The worst sandstorm in 17 years swept across Northwest China on Friday and Saturday.
A cold front swept over the Xinjiang Uighur Autonomous Region and Jilin province, leaving only about two meters of visibility after the sand ripped through.
With the help of torrential winds, fires were able to spread quickly, resulting in the deaths of three people and seriously injuring one.
Blowing winds were clocked at around 50 km per hour over the central and eastern Inner Mongolia region.
The rough winds caused temperatures to plummet by 10 degrees in some areas.
Meanwhile, on the other side of the country in Southern China, heavy rains are causing flooding that has displaced thousands of people.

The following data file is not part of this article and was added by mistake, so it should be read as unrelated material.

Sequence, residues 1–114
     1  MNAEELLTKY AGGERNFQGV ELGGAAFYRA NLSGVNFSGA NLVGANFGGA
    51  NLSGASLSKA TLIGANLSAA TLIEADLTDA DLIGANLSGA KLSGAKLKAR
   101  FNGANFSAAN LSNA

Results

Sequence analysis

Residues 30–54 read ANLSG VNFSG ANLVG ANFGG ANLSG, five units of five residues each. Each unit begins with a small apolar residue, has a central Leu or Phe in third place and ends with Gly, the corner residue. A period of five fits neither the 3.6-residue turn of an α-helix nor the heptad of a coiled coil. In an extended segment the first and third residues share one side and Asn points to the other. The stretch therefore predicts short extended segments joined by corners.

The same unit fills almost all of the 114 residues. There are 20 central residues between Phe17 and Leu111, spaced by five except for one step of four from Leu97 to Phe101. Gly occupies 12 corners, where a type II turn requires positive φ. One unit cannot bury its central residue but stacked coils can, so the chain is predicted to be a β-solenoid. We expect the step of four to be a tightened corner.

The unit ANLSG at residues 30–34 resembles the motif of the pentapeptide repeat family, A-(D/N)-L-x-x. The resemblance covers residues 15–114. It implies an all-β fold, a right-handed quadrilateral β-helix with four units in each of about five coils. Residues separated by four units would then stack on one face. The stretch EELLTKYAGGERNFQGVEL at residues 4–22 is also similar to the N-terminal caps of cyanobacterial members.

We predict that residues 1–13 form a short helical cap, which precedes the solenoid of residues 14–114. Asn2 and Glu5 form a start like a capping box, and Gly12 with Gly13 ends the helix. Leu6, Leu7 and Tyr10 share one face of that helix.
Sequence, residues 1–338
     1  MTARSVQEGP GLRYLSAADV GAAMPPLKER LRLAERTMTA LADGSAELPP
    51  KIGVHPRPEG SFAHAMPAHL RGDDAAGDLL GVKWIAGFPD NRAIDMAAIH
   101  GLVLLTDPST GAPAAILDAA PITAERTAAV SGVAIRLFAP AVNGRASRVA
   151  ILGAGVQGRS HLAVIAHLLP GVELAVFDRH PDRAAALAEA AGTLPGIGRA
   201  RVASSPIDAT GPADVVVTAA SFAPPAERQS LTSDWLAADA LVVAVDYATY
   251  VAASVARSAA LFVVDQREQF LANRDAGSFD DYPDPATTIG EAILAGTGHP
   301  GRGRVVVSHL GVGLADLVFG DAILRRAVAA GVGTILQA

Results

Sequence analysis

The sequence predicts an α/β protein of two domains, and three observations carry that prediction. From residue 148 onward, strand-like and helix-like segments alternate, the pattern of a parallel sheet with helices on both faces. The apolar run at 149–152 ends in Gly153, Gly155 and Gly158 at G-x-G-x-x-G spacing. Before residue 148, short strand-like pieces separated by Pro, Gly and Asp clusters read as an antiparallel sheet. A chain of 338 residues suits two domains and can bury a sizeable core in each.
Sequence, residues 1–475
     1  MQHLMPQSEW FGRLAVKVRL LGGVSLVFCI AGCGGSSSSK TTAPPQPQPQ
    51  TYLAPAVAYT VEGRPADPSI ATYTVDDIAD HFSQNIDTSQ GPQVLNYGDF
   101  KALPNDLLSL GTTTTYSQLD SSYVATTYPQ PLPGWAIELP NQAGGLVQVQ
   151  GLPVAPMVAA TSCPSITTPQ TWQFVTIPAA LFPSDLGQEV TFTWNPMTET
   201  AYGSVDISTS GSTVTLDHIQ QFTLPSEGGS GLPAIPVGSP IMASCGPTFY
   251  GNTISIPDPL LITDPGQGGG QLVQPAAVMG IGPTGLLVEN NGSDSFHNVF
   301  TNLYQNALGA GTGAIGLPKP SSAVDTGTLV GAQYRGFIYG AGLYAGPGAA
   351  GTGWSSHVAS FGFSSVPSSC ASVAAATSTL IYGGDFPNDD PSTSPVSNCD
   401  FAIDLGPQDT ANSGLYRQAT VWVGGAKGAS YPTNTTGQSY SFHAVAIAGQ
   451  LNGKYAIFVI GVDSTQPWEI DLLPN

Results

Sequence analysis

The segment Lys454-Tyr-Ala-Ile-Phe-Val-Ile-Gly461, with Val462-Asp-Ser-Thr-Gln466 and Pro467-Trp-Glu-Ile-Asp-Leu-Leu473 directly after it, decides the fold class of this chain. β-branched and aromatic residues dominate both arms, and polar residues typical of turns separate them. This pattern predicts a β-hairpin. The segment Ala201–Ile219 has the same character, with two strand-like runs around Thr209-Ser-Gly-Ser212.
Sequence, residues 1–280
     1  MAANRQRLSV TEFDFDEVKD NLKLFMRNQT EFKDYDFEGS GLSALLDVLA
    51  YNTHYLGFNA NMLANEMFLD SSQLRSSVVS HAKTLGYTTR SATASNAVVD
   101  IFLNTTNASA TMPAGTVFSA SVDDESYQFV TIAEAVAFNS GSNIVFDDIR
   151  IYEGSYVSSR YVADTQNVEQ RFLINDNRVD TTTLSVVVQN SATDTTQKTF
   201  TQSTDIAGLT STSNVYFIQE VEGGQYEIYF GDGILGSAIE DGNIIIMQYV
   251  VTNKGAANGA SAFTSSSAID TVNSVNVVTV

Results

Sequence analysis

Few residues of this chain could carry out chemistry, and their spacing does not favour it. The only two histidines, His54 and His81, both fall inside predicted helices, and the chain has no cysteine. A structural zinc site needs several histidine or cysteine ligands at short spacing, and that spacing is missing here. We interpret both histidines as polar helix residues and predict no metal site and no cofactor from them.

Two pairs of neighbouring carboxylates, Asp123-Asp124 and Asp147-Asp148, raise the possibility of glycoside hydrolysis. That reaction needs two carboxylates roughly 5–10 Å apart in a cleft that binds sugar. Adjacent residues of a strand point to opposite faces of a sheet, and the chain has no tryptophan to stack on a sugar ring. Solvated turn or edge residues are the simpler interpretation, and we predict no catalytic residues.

The Xiangjiang River has risen 3 to 6 meters in the last week, peaking at 36.23 meters on Saturday. Water filled the streets of nearby Yuhu district of Xiangtan City and over a thousand people had to be evacuated.
Other villages found themselves completely surrounded by water and people had to be rescued by boat.
Several rivers in the region have swelled due to the excessive rainfall, and the water level is still rising. More rain is expected in Southern China in the coming days as the flood season gets under way.
For more international stories that are making headlines today, make sure you tune into The Weather Network on TV. Our newscast comes up at :12 and :42 minutes past each hour.